You might hope that when young people come into the care sector, life should get easier. But that’s far from the truth. They are too often vulnerable, desperate to fit in or too scared to defy orders that come from people they believe have the power to harm them. Once they leave the care sector and come into semi-independent or supported accommodation, they’re even more exposed than they were before.
It only takes one bad placement, with staff members who don’t care, or being forced to stay in a hostel full of criminals and drug users because there’s nowhere else to go, that can see a child slip through the net into a life of pain, violence and trauma with these drug gangs.
Cash-strapped councils in urban areas struggle to find affordable houses or foster homes locally for older children, so they send them to privately run provisions in cheaper rural and suburban areas miles away from any friends or family. It’s these inadequacies in the system that makes children leaving care even more vulnerable.
In December 2019 a BBC report revealed that about 30,000 children in care lived outside of their local area, with nearly 12,000 placed 20 miles from their homes. In the context of County Lines, this can have an enormous impact. It essentially creates a brand new ‘line’ for criminal gangs.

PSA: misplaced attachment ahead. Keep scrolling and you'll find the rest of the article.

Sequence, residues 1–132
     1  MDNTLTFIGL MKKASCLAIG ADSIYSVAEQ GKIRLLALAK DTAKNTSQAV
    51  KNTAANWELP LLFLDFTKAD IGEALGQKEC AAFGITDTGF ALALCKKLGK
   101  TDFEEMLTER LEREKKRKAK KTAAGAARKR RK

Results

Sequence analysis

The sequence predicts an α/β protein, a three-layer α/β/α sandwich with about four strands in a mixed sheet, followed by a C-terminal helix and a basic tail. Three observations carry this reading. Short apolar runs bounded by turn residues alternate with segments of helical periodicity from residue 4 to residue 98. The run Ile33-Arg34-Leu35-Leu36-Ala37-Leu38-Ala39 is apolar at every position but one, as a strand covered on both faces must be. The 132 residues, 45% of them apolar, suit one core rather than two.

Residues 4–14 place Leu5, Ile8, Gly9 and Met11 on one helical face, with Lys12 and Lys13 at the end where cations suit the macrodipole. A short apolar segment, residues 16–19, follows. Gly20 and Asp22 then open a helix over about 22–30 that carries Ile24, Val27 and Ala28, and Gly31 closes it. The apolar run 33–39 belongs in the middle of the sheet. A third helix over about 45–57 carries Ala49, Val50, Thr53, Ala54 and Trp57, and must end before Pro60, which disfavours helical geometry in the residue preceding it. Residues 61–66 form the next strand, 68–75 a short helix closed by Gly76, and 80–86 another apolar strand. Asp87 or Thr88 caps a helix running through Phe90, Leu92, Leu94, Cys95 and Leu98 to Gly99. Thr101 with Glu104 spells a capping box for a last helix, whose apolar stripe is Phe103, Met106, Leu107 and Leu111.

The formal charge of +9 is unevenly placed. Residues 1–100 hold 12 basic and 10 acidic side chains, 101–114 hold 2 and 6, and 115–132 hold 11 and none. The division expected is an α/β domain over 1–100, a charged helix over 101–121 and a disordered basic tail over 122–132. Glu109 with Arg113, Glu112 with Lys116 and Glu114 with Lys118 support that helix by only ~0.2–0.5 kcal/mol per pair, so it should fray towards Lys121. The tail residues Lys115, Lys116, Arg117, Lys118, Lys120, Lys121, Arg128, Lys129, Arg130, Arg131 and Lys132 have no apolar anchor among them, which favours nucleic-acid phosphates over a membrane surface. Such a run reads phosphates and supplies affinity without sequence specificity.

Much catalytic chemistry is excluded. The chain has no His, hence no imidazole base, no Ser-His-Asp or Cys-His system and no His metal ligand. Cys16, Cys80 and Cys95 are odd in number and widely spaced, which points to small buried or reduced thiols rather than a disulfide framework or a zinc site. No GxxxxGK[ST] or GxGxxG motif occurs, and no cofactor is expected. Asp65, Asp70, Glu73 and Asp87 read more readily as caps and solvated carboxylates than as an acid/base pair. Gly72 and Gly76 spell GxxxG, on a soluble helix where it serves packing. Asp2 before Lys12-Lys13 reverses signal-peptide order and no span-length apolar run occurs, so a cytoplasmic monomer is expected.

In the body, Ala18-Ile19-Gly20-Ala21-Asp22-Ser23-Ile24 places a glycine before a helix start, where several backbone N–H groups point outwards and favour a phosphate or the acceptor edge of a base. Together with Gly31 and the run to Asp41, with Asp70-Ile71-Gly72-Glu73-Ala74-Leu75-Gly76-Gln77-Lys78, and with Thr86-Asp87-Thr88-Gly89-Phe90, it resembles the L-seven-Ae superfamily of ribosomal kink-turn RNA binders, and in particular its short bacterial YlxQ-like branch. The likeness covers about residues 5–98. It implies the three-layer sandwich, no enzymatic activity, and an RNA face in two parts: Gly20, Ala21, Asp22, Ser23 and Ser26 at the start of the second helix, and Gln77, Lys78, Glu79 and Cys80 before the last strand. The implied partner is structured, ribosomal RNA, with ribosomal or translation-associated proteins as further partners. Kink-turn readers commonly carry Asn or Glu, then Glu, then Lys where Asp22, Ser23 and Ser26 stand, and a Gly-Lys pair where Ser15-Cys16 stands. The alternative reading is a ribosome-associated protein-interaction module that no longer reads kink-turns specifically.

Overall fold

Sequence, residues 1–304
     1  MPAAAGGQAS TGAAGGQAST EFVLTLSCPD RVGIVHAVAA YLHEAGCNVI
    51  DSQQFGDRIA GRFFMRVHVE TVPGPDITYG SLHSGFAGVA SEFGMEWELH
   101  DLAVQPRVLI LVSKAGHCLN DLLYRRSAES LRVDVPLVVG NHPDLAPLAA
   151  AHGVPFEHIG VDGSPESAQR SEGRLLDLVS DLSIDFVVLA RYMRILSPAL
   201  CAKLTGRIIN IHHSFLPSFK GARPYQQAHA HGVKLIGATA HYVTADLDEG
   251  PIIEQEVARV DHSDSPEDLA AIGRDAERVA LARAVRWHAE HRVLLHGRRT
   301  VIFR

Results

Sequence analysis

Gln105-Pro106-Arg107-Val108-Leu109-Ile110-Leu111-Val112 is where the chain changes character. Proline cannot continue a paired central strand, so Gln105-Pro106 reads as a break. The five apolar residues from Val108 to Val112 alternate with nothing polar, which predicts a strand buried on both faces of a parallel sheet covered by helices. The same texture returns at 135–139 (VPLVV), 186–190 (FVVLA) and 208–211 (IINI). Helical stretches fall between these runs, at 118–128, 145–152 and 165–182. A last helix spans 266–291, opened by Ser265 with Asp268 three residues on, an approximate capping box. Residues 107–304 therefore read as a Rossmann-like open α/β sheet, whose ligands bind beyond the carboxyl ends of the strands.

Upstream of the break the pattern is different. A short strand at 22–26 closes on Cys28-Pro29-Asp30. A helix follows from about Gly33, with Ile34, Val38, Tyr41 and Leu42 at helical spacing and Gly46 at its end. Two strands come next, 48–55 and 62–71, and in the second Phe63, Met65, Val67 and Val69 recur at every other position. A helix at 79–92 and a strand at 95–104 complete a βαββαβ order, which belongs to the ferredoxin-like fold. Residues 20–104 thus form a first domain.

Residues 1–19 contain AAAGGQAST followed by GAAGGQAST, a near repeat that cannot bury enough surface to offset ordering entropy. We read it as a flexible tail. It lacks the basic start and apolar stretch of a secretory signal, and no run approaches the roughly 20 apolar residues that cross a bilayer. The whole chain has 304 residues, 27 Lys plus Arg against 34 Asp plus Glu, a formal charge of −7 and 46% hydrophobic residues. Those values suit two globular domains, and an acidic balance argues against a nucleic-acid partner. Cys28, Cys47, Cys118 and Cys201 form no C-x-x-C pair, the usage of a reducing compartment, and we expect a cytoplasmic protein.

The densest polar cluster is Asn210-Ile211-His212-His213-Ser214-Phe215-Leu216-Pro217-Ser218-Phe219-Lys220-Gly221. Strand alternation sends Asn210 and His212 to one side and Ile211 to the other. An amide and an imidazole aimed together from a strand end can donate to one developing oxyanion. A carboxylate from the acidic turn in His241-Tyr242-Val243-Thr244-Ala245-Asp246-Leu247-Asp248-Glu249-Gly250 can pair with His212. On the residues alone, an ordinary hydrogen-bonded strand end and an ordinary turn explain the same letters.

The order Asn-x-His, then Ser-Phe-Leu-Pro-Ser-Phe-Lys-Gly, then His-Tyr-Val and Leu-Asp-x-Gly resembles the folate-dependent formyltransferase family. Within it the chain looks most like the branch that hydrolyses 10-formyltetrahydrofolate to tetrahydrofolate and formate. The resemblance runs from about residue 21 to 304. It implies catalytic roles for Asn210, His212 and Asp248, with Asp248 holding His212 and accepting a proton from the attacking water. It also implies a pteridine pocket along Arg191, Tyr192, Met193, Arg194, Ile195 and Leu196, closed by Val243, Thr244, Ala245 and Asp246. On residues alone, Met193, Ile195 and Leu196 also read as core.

Miles from anything they know; isolated, scared and alone these children begin to spiral and the leaders of these gangs know exactly where to find them. In those unassuming houses tucked away in residential streets They befriend them, gain their trust and once they have it, they abuse them. Even when attempts are made to help kids out of County Lines, the system falls short.
I see the parallels between Oliver Twist and County Lines. County Lines are glorified in music, TV and on social media. It’s made to look appealing to disenfranchised youths. As a seven-year-old, I watched Oliver Twist, with the singing and dancing and I was enthralled. I couldn’t wait to grow up, be a thief and have lots of fun… and money!